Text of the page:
Maine sues biochemical giant Monsanto over PCB contamination

The state of Maine is suing biochemical giant Monsanto for allegedly knowingly selling products containing harmful chemicals that contributed to contamination in the state.

The latest lawsuit targeting the company for manufacturing and selling products containing polychlorinated biphenyls, also known as PCBs, was filed Thursday in Cumberland County Superior Court. Monsanto claims it knew of the dangers of PCBs years before they were banned, but continued to manufacture and sell products containing them.

Attorney General Aaron Frey said in a statement Friday that “Monsanto knows its PCB products are causing long-term harm and continues to make money by contaminating Maine people and the environment.” There is evidence that this was the choice.” “I am taking action to demand that Monsanto pay for the harm it intentionally caused to our country.”

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Monsanto is now owned by the pharmaceutical and biotechnology company Bayer.

The state of Maine is suing biochemical giant Monsanto for allegedly knowingly selling products containing harmful chemicals. (Maine News)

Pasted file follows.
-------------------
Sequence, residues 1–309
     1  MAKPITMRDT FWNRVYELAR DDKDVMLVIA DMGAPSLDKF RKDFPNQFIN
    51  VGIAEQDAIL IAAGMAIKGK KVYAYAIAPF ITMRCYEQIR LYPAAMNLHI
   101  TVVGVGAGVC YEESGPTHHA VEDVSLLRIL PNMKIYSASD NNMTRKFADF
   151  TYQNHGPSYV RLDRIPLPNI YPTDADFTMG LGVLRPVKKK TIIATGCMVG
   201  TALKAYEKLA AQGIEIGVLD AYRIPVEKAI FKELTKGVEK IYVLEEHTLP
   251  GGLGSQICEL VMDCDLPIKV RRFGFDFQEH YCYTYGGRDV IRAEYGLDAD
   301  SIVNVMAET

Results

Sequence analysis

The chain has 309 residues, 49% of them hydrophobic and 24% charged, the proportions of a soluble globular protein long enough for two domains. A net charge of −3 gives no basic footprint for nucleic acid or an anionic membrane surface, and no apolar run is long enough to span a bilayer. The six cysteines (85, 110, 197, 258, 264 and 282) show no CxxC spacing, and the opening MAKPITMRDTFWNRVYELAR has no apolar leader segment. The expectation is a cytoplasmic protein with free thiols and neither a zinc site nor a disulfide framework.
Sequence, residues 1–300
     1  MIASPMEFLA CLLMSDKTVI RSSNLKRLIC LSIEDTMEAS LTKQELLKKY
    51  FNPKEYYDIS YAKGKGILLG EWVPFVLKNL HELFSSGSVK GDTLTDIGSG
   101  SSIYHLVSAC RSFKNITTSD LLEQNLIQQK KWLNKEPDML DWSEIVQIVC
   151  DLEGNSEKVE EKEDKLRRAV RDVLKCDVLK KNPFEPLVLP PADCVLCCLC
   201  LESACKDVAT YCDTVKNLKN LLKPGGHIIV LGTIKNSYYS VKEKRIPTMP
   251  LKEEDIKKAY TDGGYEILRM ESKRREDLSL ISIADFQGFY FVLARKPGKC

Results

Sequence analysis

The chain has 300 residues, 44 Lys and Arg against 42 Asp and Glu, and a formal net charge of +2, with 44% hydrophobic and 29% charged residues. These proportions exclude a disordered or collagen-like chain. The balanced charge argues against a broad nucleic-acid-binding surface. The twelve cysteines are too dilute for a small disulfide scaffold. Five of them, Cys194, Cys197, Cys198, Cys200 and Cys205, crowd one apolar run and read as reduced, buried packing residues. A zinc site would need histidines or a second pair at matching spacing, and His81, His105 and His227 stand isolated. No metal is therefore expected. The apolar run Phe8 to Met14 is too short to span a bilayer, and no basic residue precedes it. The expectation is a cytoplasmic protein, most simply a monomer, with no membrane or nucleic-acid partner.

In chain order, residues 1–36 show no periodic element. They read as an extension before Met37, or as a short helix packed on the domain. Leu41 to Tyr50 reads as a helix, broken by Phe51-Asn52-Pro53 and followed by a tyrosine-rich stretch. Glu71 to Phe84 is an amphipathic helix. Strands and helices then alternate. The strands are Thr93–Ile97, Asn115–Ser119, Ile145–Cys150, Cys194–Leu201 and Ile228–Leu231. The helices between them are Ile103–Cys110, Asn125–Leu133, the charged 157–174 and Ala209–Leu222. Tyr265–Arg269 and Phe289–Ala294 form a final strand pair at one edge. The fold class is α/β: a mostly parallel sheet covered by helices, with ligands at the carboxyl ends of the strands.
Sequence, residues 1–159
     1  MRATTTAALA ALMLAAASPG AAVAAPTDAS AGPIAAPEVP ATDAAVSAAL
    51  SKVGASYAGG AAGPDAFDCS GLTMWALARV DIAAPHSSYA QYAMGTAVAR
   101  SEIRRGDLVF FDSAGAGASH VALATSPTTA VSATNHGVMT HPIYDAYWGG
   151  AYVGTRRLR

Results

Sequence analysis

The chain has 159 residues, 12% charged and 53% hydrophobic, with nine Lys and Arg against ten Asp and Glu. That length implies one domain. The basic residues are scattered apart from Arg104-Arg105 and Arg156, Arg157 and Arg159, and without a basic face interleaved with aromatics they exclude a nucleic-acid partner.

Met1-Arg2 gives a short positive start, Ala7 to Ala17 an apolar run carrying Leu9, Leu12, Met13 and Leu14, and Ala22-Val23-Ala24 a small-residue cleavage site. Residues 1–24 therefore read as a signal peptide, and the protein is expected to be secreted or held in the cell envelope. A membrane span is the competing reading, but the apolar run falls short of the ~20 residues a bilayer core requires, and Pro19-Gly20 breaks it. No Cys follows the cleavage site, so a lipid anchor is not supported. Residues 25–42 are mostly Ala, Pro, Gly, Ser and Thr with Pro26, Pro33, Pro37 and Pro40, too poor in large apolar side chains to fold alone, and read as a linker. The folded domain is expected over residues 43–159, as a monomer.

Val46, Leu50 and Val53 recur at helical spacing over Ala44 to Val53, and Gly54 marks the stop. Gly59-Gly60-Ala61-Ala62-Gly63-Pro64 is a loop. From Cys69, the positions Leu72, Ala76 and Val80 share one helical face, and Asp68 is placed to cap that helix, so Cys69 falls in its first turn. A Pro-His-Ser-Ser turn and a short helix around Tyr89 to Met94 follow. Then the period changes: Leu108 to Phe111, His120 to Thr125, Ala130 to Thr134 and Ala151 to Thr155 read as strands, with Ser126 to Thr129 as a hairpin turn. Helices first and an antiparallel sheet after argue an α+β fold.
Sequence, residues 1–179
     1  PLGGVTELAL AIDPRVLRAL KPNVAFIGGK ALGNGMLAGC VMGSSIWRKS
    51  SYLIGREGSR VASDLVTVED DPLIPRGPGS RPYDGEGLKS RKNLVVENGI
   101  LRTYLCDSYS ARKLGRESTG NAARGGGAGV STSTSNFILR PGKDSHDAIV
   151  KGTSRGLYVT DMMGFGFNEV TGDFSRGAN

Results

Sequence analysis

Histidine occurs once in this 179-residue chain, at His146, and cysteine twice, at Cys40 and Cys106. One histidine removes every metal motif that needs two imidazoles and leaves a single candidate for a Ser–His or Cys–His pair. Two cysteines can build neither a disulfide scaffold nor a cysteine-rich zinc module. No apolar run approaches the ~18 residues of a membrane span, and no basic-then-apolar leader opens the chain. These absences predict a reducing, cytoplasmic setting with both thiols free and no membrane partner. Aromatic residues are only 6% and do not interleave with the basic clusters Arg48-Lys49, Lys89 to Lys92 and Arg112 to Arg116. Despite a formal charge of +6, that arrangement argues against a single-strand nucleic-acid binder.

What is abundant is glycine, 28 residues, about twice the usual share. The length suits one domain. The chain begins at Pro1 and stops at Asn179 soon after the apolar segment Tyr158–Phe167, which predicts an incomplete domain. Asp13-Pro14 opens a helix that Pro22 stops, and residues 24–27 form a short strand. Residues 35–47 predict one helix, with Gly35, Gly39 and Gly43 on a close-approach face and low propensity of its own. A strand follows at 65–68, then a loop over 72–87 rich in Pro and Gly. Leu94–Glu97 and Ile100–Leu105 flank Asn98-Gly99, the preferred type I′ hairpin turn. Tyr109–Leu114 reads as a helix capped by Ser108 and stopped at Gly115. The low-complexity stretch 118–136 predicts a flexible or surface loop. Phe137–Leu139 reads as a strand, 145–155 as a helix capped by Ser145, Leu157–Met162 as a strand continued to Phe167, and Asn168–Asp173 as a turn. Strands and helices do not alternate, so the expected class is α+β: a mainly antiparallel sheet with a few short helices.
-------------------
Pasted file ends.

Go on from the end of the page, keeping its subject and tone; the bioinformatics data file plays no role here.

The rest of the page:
Monsanto, which has said it stopped producing PCBs 50 years ago, calls the lawsuit “pointless” and says it has never manufactured or disposed of PCBs in Maine and cannot sell PCB-containing products. He said it was probably from a third-party manufacturer.

Vermont was the first state to sue Monsanto last year over PCB contamination of natural resources, followed by dozens of school districts across the state. Bayer has agreed to pay $698 million to the state of Oregon to end litigation over PCB contamination in 2022.

PCBs have been linked to many health concerns and are one of the chemicals responsible for Maine’s fish intake advisory. It was used in building materials and electrical equipment such as transformers, capacitors, and fluorescent light ballasts. The U.S. Environmental Protection Agency banned their manufacture and certain uses in 1979 over concerns that they could cause cancer and other illnesses.


The state of Maine said it will seek damages for the costs of cleaning up, monitoring and mitigating Maine’s 400 miles of rivers and rivers and 1.8 million acres of ocean currently affected by PCBs.